The second type is individual adaptation - where and individual’s body and metabolism undergoes some changes in response to the environment, making that person either more cold or heat tolerant. This generally takes a couple weeks of being in the environment, and get result in the body increasing metabolic rate to maintain body warmth in cold environments, or tweaking cooling mechanisms in hot ones. With modern indoor climate control some people may be maintaining either summer or winter conditions all year round in their home, leading to less shifting in response to the actual weather.

body size and composition is a factor.

thinner or smaller people get rid of heat more rapidly.

Hadn’t thought about racial/genetic differences - a very fast google does suggest that factor is indeed subtle and quite attenuated.

My sample size of two people in my anecdote - we are both fairly small and thin (and female and white), yet one of us is very heat-tolerant, the other very cold-tolerant. On further thought, two other people I know well IRL who don’t do at all well with cold weather but love heat are quite fat.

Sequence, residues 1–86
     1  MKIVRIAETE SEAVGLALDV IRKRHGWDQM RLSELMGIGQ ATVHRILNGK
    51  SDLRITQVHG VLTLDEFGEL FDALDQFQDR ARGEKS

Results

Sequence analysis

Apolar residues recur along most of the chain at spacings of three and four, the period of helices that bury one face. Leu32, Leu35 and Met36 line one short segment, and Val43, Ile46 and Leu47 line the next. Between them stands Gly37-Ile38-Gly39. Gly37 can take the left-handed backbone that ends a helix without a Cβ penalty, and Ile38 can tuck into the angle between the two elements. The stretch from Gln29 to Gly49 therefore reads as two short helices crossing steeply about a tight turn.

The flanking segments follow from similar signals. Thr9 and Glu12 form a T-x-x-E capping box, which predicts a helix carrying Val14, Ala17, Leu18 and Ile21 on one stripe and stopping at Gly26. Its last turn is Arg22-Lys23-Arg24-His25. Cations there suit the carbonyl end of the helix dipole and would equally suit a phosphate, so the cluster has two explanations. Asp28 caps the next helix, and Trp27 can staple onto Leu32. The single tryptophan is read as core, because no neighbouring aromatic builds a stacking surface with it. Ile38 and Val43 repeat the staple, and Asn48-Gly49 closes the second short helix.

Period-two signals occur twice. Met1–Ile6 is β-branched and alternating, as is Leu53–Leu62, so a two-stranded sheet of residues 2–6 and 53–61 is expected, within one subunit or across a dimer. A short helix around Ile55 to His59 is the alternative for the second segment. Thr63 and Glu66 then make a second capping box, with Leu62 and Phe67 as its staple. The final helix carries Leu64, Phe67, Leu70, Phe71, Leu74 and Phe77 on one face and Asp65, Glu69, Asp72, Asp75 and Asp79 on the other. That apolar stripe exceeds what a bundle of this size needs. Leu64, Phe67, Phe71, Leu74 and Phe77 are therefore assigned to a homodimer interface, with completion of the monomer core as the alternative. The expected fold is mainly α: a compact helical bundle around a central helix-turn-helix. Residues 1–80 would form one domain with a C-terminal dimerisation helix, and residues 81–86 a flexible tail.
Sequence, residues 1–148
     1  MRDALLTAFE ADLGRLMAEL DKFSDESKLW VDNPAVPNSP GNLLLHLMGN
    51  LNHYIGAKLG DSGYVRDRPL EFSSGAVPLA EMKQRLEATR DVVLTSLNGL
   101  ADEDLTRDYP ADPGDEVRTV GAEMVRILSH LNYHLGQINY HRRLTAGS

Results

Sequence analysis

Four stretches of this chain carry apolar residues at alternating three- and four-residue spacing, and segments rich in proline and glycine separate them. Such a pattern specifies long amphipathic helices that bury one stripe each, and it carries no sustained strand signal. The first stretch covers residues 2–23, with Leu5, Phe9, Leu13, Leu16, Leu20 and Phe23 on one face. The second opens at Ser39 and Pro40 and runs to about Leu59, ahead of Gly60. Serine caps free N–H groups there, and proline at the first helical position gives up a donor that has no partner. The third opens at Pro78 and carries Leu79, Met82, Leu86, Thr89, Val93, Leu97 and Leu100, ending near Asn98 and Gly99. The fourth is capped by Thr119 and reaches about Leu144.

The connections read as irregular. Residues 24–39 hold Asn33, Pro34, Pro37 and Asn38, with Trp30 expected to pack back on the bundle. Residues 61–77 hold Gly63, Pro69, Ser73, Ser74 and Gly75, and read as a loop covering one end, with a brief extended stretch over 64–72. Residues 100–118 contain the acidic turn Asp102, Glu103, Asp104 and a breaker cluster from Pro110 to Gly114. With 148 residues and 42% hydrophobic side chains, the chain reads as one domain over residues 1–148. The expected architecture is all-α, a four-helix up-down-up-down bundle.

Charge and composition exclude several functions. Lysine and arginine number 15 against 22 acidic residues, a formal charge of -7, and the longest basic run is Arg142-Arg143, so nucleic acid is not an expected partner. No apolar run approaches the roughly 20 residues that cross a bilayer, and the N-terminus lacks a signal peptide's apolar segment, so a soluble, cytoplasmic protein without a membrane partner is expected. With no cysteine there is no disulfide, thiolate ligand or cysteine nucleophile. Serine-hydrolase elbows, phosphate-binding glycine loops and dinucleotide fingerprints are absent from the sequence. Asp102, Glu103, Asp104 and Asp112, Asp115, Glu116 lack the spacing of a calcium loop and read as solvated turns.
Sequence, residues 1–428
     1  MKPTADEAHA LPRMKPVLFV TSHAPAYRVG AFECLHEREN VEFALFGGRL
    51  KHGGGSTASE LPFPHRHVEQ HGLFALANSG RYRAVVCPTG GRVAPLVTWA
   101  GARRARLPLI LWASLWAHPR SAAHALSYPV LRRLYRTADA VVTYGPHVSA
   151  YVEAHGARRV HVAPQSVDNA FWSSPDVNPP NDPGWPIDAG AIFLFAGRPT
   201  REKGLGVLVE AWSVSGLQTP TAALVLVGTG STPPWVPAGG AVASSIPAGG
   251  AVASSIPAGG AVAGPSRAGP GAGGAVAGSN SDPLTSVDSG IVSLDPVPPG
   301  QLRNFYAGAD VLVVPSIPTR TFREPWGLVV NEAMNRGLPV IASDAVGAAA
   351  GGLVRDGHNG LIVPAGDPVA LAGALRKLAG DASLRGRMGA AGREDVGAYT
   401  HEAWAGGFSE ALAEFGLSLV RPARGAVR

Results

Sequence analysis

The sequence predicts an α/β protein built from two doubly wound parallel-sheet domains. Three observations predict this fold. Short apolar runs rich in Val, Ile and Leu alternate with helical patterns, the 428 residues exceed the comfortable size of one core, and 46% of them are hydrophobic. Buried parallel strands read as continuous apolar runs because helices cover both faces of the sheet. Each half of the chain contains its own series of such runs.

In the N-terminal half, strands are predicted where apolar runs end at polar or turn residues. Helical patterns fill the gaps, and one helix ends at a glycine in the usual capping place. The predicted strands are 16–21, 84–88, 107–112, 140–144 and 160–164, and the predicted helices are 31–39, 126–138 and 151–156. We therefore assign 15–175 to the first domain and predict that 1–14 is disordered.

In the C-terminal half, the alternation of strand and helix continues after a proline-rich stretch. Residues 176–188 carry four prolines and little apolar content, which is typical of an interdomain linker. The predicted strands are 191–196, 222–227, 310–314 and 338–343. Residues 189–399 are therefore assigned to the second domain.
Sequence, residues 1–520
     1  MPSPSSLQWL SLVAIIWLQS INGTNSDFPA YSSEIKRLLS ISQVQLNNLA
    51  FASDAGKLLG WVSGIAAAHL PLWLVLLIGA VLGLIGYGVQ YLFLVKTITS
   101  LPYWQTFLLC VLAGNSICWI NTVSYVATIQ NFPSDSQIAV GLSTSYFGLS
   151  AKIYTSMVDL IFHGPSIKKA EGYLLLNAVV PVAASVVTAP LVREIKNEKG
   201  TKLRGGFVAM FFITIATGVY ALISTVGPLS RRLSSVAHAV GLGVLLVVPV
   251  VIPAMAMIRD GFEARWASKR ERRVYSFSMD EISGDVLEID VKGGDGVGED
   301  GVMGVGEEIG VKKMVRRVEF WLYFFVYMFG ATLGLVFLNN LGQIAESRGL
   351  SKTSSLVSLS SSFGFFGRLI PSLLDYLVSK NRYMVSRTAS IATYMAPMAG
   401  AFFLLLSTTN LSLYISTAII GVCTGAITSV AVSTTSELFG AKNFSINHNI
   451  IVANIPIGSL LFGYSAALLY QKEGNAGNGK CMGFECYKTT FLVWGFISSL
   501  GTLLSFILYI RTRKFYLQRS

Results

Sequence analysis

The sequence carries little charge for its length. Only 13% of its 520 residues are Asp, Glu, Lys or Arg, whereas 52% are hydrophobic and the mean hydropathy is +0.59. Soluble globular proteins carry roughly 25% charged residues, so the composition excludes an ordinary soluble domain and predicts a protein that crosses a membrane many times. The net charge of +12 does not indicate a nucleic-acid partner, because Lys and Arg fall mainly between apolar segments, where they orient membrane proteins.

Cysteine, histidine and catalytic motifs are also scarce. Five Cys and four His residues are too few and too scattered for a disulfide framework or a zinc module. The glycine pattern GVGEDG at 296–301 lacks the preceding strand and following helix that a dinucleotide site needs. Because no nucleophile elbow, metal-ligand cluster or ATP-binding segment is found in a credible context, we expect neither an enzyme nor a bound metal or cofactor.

I’m finding it difficult to find definitive answers online! Apparently the three glands that control a person’s temperature regulation are the hypothalmus, the pituitary gland, and the thyroid gland. I’m suspecting there isn’t one definitive answer, but rather it’s a complex interplay of different physiological functions and adaptations…

It seems like in my office building, people fall into two camps: the ones who think it’s too cold and the ones who think it’s too hot.

Almost everyone in the first group is female. Particularly pre-menopausal female. Fat, skinny, in between. It doesn’t matter. We’re always cold. The women are walking around in sweaters and gloves, while the guys are laughing at us and telling us we’re being silly (which drives me crazy, but I digress).

I have sat at my desk literally shivering while the guy out in the cubicle outside my office has a fan blowing on him.

My guess is that the explanation can be attributed to the differences in body muscle percentage between the sexes.

Interesting, I do have an unusually high percentage of body muscle for a female. But I’m not sure that’s really a factor - to add to the battling anecdotes, most women I know (in my age range) actually are in the “it’s too hot” camp